Friday, June 27, 2008


Still new to blogging, I have not shared any lists of my own, but Wendy Bounds provides a great starting point for entrepreneurs and budding entrepreneurs in her Wall Street Journal column of June 13, 15 Entrepreneur Blogs Worth Reading. Drew McClellan's The Marketing Minute, a quick and easy blog on marketing tips, gets a nice nod in Wendy's article. Of course, my favorite go to blog is Guy Kawasaki's How to Change the World. I am going to use Kawasaki's book, The Art of the Start in an entrepreneurial leadership class I am teaching this fall at Drake University in Des Moines; I am also using Carl Schramm's The Entrepreneurial Imperative. Schramm is president of the Kauffman Foundation which promotes entrepreneurship and training for entrepreneurs, and he argues compellingly that America's entrepreneurship is an economic miracle that will change the world. I like the the concurrent themes in Kawasaki and Schramm of changing the world.

As I continue to wrestle with the loss of local serial entrepreneur and all-around good guy, Jim Goodman, I constantly take heart in his unwavering belief that he could change the world and make it better right here in Des Moines, Iowa. As Jim liked to say "I don't what tomorrow may bring, but I am looking forward to it." He made things happen, and I believe that characteristic is what sets successful entrepreneurs apart form the rest. They make things happen. Another local example of this is Amadeo Rossi and his colleagues at the Des Moines Music Coalition. They have set their sights on making Des Moines a center for alternative music like Austin, TX. And after just a couple of years of blood, sweat and tears, they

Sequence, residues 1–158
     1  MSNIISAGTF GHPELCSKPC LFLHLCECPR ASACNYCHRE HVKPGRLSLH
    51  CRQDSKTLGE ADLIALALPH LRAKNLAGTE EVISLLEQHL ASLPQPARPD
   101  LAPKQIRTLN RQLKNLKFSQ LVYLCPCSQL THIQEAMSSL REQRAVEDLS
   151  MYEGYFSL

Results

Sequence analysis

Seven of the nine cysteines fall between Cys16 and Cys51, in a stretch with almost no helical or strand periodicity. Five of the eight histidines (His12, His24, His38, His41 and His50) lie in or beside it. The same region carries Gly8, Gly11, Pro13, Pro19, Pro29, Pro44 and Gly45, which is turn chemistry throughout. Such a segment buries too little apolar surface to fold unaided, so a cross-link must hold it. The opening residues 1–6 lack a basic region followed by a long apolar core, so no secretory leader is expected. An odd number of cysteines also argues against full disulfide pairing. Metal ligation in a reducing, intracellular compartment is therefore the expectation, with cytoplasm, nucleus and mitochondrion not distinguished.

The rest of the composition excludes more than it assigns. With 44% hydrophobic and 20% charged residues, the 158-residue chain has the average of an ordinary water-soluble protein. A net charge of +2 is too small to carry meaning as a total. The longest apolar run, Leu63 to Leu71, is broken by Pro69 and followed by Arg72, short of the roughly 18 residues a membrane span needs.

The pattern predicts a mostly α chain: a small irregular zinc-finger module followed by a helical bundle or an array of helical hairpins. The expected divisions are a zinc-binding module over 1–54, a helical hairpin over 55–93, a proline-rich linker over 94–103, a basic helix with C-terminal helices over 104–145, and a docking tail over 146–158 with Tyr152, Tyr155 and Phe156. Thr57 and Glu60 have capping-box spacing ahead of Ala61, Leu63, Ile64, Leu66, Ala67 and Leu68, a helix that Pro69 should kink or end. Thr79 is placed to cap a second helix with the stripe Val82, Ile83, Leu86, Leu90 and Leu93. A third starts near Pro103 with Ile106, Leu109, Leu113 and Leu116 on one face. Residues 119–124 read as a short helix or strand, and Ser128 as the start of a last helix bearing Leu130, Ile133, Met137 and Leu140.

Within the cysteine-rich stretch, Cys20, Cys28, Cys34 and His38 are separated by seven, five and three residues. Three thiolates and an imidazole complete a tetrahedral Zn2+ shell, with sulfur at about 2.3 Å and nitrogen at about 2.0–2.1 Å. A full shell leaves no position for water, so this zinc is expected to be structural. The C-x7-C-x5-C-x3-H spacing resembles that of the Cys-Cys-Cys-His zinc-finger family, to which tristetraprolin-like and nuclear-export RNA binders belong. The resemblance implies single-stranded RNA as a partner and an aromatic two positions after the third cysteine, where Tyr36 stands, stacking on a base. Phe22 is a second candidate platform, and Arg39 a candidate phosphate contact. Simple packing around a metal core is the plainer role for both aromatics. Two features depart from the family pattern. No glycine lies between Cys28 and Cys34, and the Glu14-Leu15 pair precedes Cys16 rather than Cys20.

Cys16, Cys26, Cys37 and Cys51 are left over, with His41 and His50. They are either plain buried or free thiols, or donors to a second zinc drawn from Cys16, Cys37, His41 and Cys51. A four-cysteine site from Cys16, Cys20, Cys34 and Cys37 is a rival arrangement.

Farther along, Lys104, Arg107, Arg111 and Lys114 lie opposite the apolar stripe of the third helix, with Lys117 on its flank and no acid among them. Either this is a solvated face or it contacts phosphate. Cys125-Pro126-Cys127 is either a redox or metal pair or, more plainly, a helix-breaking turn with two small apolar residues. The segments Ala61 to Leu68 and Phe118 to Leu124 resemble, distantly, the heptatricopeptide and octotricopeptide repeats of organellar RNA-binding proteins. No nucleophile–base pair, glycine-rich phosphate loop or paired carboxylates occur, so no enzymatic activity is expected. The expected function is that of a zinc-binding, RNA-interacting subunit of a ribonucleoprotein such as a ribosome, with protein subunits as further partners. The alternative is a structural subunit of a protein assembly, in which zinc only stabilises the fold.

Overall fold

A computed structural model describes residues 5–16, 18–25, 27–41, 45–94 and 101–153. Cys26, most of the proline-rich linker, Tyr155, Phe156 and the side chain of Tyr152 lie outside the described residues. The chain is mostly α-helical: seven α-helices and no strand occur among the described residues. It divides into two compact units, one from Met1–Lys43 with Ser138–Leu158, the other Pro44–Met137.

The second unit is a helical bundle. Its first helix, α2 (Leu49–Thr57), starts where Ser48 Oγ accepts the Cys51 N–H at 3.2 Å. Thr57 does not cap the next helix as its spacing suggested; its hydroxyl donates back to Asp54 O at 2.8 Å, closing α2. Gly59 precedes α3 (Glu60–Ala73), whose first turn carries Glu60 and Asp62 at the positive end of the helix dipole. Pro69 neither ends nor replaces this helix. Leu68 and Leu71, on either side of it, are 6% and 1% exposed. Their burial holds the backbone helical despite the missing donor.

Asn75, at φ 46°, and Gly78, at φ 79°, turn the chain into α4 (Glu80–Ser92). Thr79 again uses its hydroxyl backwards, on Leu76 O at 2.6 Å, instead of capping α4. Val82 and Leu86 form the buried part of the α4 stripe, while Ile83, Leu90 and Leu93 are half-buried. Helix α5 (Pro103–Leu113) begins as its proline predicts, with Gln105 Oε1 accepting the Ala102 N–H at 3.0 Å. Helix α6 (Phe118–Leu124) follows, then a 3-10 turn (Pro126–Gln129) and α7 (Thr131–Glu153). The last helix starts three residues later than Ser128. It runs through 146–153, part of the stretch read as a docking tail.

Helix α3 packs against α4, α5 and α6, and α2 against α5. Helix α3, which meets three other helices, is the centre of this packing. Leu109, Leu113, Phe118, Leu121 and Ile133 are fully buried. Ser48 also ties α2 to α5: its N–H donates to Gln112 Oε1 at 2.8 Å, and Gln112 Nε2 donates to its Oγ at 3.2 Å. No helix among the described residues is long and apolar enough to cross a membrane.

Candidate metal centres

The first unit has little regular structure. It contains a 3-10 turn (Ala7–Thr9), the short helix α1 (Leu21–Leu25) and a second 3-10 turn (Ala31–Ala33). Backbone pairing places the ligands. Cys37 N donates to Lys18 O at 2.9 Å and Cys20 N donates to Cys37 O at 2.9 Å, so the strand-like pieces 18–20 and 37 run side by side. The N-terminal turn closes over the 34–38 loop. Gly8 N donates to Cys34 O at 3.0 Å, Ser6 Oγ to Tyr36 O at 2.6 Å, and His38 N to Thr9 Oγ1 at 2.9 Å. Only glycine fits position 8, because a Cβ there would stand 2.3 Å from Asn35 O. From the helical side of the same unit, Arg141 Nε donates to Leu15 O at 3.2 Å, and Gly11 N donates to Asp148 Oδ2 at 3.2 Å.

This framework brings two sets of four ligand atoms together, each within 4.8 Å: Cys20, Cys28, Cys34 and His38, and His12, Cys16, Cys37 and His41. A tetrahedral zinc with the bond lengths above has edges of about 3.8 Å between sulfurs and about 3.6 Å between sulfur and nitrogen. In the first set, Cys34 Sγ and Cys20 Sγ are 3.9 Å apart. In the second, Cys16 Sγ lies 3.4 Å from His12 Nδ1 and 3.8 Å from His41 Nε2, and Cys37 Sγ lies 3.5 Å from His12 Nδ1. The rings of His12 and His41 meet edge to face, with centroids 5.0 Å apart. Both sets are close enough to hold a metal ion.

have pulled together an amazing music festival with The Flaming Lips headlining the first day and The Roots out front the second day. Driven by passion and a real desire to make Des Moines a better place, they are off to a great start. I was really impressed by Amadeo and I hope to get to know him better (and maybe write about him; he has agreed to be guest in my class this fall).

Wednesday, June 25, 2008


As I continue to struggle with the recent death of my friend Jim Goodman, I return over and over to the notion of perspective. Sometimes I feel like an early artist: everything I see at this moment is big and dominates the foreground; everything else, if it is even included, is small and in the background. Put differently, I could get somewhere in the forest of life if it weren't for the damned trees.

In speaking with another accomplished friend and entrepreneur yesterday, we discussed perspective in two contexts: the economy and our children.

First, he is convinced that the U.S. economy is going to hell in a hand basket.